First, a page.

“Jockey Club Human Libraries Hub” (Human Libraries Hub) is a research project operated by universities and community partners, which aims to explore methods supporting the education sector and the public to deeper understand various kinds of real-life stories, and to promote social connectedness and inclusiveness. The project includes a variety of activities, such as reading web-based materials, attending workshops and submitting reviews. The project has been approved by the Human Subjects Ethics Sub-committee of The Hong Kong Polytechnic University (Reference Number: HSEARS20180302004). Basic data policies are as follows: a) The personal information collected from you will be kept confidential and used for the purposes of verifying your identity, processing your request, answering your inquiry, promoting activities organized by and/or related to the project, administration and academic research; b) The project will not disclose any of your personal information to the other party. We will also take reasonable steps to protect your personal information from loss, misuse, unauthorized access, disclosure, alteration, or destruction. Anyone who violate the privacy policies will be subject to disciplinary or legal actions; c) The data collected from research activities will be destroyed within 3 years after the completion of the research. If you have any questions about the research study, please contact the project’s principal investigator Dr Chitat Chan (tel: 34003682; email: email@example.com). You can also write to Miss Cherrie Mok, the secretary of the Human Subjects Ethics Committee of the PolyU. Please read carefully this consent statement prior to providing any information and using the project website:
You are at least 16 years of age.
You agree to participate in the project and you understand that you may be invited to attend events, such as reading web-based materials, attending workshops and submitting reviews, and sharing stories .
You may be invited to fill out online questionnaires.
Prior to using the project website and related services, you will be required to submit your personal information, including but not limited to your name, a unique login ID and password, telephone number(s), gender, occupation, education level and e-mail address.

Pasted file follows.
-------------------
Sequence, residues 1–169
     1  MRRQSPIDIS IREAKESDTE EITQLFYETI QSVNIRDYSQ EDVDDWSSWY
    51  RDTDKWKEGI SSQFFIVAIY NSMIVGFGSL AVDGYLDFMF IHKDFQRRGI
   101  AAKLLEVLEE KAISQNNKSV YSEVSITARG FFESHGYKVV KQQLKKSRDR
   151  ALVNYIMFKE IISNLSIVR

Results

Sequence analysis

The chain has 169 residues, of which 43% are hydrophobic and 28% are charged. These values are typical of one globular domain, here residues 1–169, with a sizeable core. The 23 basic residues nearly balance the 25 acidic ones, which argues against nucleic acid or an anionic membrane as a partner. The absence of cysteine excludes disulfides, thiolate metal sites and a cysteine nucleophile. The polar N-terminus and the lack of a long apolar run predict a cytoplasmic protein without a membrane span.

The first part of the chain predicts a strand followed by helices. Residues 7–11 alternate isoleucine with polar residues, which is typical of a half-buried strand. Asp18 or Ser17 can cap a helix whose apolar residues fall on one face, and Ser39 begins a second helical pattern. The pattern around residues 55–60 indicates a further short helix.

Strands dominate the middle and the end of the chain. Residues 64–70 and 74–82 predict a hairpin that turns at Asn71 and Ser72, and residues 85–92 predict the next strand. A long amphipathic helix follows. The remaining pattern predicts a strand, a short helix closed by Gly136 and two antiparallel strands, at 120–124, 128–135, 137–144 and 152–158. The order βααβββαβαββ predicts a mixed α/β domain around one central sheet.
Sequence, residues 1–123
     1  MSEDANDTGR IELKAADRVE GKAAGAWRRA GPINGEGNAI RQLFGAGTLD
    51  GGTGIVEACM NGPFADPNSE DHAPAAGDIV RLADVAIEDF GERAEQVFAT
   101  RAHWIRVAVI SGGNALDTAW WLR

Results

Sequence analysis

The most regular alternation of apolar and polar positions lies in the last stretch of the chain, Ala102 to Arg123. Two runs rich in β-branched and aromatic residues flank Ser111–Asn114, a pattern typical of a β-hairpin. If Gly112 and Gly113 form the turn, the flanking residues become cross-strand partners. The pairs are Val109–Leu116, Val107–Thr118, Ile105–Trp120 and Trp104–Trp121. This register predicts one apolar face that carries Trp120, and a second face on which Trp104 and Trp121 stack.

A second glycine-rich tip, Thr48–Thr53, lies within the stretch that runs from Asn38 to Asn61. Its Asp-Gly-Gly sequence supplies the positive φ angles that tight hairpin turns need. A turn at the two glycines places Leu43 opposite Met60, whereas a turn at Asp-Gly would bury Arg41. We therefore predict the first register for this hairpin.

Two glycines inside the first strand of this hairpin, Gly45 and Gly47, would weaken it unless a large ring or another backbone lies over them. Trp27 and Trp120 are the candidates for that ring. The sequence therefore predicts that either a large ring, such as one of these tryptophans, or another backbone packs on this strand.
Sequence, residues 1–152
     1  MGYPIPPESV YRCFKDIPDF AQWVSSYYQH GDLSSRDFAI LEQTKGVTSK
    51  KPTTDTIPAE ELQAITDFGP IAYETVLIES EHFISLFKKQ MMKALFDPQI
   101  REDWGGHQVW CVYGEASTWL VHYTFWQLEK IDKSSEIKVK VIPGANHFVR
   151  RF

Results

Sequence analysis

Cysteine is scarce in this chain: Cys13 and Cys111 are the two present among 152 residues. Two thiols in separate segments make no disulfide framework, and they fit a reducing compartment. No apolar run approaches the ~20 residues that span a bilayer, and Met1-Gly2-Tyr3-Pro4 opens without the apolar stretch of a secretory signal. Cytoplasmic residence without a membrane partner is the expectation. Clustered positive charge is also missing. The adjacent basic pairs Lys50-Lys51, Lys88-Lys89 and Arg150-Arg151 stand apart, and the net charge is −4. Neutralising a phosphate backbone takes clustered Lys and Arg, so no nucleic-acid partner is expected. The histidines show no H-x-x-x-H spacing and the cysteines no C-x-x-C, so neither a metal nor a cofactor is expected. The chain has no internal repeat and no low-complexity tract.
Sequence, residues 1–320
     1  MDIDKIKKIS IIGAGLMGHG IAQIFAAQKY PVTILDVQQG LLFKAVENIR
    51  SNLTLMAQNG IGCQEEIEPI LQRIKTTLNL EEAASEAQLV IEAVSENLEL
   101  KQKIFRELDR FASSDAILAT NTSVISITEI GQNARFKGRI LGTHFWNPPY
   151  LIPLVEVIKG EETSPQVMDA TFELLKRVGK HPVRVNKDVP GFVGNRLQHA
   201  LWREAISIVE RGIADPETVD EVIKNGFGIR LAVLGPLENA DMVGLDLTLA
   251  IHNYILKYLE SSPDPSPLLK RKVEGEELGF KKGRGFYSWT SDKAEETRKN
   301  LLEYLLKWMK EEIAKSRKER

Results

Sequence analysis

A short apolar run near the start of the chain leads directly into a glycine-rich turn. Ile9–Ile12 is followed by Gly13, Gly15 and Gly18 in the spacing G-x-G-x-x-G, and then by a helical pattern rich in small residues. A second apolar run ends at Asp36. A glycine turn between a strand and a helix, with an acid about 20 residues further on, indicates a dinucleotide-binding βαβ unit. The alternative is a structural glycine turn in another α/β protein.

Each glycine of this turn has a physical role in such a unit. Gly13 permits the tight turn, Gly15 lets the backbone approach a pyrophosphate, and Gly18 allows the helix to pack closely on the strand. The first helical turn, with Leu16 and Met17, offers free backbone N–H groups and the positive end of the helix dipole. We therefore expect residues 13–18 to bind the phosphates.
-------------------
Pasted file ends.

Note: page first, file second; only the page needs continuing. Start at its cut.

You are obligated to take all necessary steps to safeguard your own username and passwords from being made available to unauthorized parties.
You understand that your participation in the project is voluntary. If you decide to participate in the project, you may withdraw at any time. If you decide not to participate in the project or if you withdraw from participating at any time, you will not be penalized.
Under the Personal Data (Privacy) Ordinance of Hong Kong, you are entitled to request access to your personal information collected by us and request the correction or deletion of your personal information from our database by making a written request over email to firstname.lastname@example.org.
The indie bands scenes have always been ‘a general’s success built upon ten thousands rotting bones’*. If you have no one to pull a few strings for you, or you lack some funds, your road to success may probably be a thorny one. As the founding member of Zpecial, Hong Chung has experienced the most and he can always relate.
‘The biggest blow to a band is the withdrawal of members, because all projects in progress or in preparation have to pause immediately.’ Hong Chung says that in the past nine years, members have changed several times. Most of the time it was because they have different future plans. However, the most important element of a band is the people. There are only four people in the band and each person has his duties; nothing can be done if any one of them leaves.
* Translator’s note: C.K. Ho, Tang Poems in Original Rhyme, 2015, p235
Fighting over creative works